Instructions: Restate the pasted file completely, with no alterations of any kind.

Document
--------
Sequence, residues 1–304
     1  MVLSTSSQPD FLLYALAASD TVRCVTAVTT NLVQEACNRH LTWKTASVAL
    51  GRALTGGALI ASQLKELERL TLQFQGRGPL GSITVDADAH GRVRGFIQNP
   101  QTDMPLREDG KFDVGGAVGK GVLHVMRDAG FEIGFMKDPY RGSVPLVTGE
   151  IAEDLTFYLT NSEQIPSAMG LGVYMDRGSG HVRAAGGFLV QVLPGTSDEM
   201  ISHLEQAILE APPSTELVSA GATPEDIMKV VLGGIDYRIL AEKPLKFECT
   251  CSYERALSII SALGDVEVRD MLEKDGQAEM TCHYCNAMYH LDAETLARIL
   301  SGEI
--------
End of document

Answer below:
Sequence, residues 1–304
     1  MVLSTSSQPD FLLYALAASD TVRCVTAVTT NLVQEACNRH LTWKTASVAL
    51  GRALTGGALI ASQLKELERL TLQFQGRGPL GSITVDADAH GRVRGFIQNP
   101  QTDMPLREDG KFDVGGAVGK GVLHVMRDAG FEIGFMKDPY RGSVPLVTGE
   151  IAEDLTFYLT NSEQIPSAMG LGVYMDRGSG HVRAAGGFLV QVLPGTSDEM
   201  ISHLEQAILE APPSTELVSA GATPEDIMKV VLGGIDYRIL AEKPLKFECT
   251  CSYERALSII SALGDVEVRD MLEKDGQAEM TCHYCNAMYH LDAETLARIL
   301  SGEI